Molly Claire: I love that distinction because you hear that a lot, right? People, I mean, a lot of times my clients are like, “Well, if I’m nice to myself, I won’t expect anything of myself.”
I’m like, Hmm, that’s not exactly how it works. I love that distinction between those.
Dr. Sasha Heinz: Because that’s like- and I think that where this gets so murky is, it’s like what they think is nice is actually just enabling,
Molly Claire: It’s not nice. Exactly.
Dr. Sasha Heinz: Letting someone be their worst self under the guise of niceness, isn’t nice, not compassionate,
Molly Claire: Not really believing in yourself actually either, right? Because if you believe in someone, you want to empower them and tell them they can do it. Not to say, “Well, it’s okay. Just like, let go of what you really want. It’s probably too hard.”
Dr. Sasha Heinz: Like the, the kindest thing that I do for myself is when I actually believe that I can create a better future. And that is going to take effort, and it’s going to be hard, and I’m not going to want to do it right now. But the love is, you deserve a future that you love. You, I want that for you. I want you to have a future that’s like, that’s better than what’s happened.
I want you to overcome this nonsense because I care about you, because I can’t bear to, you know, look into the crystal ball and see in five years, you’re still dealing with this. I can’t bear it because I love you. I just think so much and I, you know, I think the one of the easiest ways to conceptualize this is to think about the way we parent our children and the different parenting styles.
So there is four different kind of, you know, loosely there’s four different buckets of parenting styles, and it’s sort of on an axis of support versus expectations. Okay. So if you have high support, high expectations, you’re what we call an authoritative parent.You hold boundaries, you’re demanding, but you also high support, high, high, high support, high expectations, right? So I expect a lot of you, but I’m also going to give you a very soft landing and I’m also going to give you a lot of support. Along the way. Okay. That’s an authoritative parent. That’s our aspirational parent, right? That’s how we want to be with our kids.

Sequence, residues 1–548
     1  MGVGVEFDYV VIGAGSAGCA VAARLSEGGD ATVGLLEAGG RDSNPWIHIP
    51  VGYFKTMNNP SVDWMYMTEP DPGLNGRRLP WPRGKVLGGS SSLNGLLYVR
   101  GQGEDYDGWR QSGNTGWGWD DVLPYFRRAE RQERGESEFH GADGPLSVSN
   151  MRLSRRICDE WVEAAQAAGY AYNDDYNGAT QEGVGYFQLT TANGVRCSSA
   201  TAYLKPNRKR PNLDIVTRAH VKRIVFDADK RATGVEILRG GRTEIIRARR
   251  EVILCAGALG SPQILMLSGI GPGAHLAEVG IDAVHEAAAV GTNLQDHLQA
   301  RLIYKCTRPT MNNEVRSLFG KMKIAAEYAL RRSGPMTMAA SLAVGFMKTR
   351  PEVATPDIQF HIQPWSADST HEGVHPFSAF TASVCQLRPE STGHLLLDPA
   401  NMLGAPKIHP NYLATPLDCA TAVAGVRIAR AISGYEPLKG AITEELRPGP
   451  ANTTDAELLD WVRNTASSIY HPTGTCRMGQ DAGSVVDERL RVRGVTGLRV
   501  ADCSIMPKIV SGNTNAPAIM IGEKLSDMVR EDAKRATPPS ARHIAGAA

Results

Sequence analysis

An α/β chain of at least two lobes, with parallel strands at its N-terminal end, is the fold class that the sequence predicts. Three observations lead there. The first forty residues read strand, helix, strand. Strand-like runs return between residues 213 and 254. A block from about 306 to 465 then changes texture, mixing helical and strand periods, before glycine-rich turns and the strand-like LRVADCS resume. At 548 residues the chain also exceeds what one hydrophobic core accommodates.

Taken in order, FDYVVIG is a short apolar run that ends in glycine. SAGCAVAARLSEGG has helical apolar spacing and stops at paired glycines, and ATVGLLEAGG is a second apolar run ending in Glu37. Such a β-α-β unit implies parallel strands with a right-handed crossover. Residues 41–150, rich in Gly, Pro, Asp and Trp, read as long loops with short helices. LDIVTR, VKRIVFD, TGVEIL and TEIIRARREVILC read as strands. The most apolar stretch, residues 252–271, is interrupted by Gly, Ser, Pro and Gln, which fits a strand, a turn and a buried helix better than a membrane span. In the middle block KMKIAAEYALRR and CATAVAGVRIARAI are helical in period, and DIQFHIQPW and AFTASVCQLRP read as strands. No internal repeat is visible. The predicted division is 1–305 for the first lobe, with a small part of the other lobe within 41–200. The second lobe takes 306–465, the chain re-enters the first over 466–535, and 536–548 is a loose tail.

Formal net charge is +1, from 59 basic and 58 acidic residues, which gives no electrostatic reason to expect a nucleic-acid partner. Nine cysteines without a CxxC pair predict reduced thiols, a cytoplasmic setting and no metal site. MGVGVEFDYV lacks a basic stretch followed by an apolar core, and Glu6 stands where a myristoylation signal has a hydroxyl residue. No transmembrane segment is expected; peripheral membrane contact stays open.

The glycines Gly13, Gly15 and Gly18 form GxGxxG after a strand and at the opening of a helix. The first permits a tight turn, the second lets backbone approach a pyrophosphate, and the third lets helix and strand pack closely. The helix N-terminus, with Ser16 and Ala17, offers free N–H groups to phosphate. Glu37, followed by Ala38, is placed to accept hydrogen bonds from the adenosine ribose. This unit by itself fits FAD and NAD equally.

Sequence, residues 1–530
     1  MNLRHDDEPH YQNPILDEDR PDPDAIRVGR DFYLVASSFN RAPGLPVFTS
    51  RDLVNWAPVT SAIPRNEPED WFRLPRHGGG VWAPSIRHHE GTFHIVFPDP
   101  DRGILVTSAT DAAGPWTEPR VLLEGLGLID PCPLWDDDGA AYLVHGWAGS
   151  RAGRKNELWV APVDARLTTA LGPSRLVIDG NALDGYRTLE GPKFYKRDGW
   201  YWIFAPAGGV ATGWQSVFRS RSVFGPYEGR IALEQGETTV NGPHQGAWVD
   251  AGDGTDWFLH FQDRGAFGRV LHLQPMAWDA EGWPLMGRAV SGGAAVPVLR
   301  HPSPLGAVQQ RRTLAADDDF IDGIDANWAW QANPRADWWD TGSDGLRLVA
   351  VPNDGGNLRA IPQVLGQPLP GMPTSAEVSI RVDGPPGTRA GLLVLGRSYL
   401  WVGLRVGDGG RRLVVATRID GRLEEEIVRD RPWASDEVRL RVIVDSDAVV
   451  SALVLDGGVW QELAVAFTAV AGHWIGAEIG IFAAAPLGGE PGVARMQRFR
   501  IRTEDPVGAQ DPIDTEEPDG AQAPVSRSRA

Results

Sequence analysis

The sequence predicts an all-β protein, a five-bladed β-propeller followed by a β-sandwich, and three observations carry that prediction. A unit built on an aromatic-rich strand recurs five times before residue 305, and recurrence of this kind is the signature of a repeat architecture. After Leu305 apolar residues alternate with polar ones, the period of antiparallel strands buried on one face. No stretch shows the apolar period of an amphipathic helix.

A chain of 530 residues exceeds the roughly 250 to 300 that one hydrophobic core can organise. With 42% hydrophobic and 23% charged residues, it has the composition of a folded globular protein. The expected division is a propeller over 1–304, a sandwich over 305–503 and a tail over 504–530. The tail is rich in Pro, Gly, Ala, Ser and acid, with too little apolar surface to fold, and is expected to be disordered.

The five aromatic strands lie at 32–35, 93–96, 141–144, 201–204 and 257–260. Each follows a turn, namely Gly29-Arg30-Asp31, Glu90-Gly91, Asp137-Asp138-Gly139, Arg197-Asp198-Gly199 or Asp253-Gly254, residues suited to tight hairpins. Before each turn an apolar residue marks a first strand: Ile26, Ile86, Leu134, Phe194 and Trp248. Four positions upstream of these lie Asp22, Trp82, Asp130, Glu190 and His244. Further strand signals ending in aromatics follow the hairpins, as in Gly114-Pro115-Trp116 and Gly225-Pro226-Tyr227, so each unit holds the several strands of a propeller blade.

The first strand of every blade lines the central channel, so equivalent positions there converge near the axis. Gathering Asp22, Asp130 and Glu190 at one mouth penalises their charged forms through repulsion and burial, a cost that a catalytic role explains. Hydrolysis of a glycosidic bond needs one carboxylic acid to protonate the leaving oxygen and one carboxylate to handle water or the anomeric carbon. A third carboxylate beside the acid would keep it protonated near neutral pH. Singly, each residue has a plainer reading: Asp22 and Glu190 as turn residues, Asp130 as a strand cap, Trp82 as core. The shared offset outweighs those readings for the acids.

Then if you have high expectations, low support, then you’re the authoritarian parent. That’s the drill sergeant who’s like, “just because I said so. I don’t care what your thoughts are. I don’t care what your feelings are. I don’t care what you want. You’re going to do what I say. And you’re going to do it with some excellence. I’m going to hold you to a high standard and give you no support.” Yeah. Okay.
And then we get into where I think most women struggle in this area actually is you get into high support, low expectation. Okay. This is, this is nice guys. This is where we’re nice. We have high support, low expectations of ourselves called permissive parenting. Yeah. Okay? Permissive parenting in the literature, if you look at the research, has bad outcomes. Not great outcomes.
Molly Claire: And we’re seeing a lot of it, right? It’s,
Dr. Sasha Heinz: And, and think about the underlying premise of a permissive parent. I don’t believe you’re capable. I don’t believe you’re capable of doing better. I don’t believe you’re capable of accomplishing this thing. I don’t think you’re capable of helping me to do the dishes. I don’t think you’re capable of making your bed. I don’t think you’re capable of doing your homework by yourself. So I’m going to swoop in and do it for you. And it’s fine. I’m going to give you a hall pass forever. Always. Right. Because you had a hard day. Things were tough for you today.”
That’s what a person does. You had a really hard day at school, so you don’t have to come home and do your chores.
Molly Claire: And I think a lot of times it’s because also we’re, as parents, very uncomfortable with holding the line and having someone be upset, having our kids be upset, having them feel something negative.
Dr. Sasha Heinz: Right. A hundred percent. Yeah. And here’s what I would say. If you struggle with your own yang, fierce self compassion, and that’s the voice of “No, sweetheart. It’s time to go to bed. No, you’ve, you made a commitment that you were going to get on, you know, you were going to go to that workout and it’s, it’s, you’re going to honor that commitment because it’s going to make you feel better in an hour. You’re going to feel a whole lot better.”
It’s going to, you know, you’re not going to destroy your relationship with yourself. You’re going to have integrity like is right. That voice, if you’re uncomfortable with yourself, with that voice- you are also, by the way, the Venn diagram is, you are also a permissive parent, I guarantee it. Because it’s exactly the same dynamic that’s going on. Right, right.